Many times over the course of my life, I have been positioned to protect Black cisgender heterosexual men and boys even as they violated me–to use the tools of Gender under white supremacist patriarchy to help a Black man achieve his dream. I am not alone. All of the Black women survivors I’ve worked with over the last ten years have said similar things after they told their stories: “I did not want to send another Black man to jail.” “I did not want to ruin his life.” In a way, respectability politics compel us to keep these forms of intraracial violence under wraps. No need to provide more evidence for the age-old stereotypes about the hypersexual and hyper-violent nature of Black cis men. So we lived with what remained of our lives because we internalized the patriarchal lie that our safety, joy, and happiness do not matter as much as their pursuit of power. In fact, we are told that our safety, joy, and happiness can only be secured when Black men take their “rightful” place in our communities as leaders. Telling our stories would unsettle the white supremacist patriarchal myth that Black cis men solely hold the capacity to “uplift” the race and lead us to liberation. We know that everyone else shoulders the responsibility of making racial uplift possible, and yet, we have internalized the patriarchal myth that Black men are supposed to do the work we already do in our communities and households. And that we, like the white man, are simply in the way.
We live in a world where Gender under white supremacist patriarchy harms all of us. Black cis men feel the pain of Manhood denied, sitting in the truth that even though they follow its scripts — the total violation and domination of Black women, queer and trans people, and children to achieve power — they cannot access the protection that Gender promises cis men from racial-sexual violence and capitalism. So even as they lie on us, shoot us, kill us, rape us, abandon us, stand on our backs to climb the ladder of the American dream, they never fully reach it because nothing can remove the yoke of the longue durée of slavery. Their pursuit of Manhood under white supremacist capitalism requires our sacrifice, but even our scorched and burning bodies cannot remove the mark of blackness that tells Black cis men they are always already never enough.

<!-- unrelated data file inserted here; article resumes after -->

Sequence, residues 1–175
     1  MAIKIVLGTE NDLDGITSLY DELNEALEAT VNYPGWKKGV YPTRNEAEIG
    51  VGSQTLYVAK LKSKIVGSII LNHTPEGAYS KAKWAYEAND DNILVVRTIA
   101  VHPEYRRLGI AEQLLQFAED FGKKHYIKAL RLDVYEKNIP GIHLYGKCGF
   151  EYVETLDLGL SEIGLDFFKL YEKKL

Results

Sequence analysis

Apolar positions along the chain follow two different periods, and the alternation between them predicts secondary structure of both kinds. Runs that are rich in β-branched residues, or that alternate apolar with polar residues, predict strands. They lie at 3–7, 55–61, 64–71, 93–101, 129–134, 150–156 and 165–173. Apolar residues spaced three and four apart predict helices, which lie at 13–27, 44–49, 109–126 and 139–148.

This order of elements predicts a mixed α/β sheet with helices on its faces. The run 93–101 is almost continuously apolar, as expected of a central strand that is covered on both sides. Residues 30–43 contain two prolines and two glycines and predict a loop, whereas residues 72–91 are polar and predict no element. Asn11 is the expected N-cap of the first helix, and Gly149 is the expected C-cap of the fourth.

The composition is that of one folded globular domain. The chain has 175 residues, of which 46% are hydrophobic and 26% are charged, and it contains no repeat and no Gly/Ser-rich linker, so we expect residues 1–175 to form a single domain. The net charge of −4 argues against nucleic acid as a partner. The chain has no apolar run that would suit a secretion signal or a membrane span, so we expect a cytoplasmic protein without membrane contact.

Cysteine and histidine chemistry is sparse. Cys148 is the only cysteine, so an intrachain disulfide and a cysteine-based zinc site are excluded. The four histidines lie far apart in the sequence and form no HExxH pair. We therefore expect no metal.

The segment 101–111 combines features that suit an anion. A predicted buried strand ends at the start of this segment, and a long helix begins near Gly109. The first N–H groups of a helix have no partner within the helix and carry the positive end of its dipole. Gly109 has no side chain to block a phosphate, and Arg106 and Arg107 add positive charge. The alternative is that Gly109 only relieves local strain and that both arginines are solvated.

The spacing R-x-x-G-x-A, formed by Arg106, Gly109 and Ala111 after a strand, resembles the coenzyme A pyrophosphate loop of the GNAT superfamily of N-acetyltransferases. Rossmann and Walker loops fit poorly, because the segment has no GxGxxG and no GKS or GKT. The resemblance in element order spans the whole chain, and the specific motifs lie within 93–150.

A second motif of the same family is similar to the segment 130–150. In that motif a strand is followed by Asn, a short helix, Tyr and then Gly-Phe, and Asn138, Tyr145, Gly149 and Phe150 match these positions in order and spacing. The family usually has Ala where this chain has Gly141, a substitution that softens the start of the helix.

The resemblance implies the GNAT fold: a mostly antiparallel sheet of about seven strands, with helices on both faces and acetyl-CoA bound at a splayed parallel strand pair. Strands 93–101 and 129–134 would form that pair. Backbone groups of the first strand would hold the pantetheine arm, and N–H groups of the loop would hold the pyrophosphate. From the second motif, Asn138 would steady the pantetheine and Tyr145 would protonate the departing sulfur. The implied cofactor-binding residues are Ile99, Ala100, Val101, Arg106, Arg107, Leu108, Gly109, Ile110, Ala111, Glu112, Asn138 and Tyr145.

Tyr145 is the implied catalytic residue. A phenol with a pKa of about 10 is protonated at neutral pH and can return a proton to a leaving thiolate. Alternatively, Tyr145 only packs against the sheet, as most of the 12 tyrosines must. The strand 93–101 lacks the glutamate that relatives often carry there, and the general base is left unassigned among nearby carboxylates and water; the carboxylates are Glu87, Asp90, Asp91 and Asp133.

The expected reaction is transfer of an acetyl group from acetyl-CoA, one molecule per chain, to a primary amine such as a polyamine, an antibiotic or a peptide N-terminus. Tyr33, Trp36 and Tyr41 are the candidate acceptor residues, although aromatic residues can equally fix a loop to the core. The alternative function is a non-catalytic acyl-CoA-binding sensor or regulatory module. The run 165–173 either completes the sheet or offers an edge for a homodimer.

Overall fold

Perhaps Daystar Peterson’s short stature, plain appearance, and balding head signaled to the ordinary Black man that the privileges and power of Gender, specifically of Manhood, could be his. That he doesn’t have to be 6’2”, slim but muscular with good hair to access (and to violate) desirable women. Maybe he could be “successful” without talent and still harm with impunity, the prize of Manhood. That even in and through his ordinariness, the violation of others can be justified and invisibilized. All the men who abused me were ordinary, and they faced no consequences for the harm they caused. The pedestal of celebrity only amplifies what happens everyday in our communities.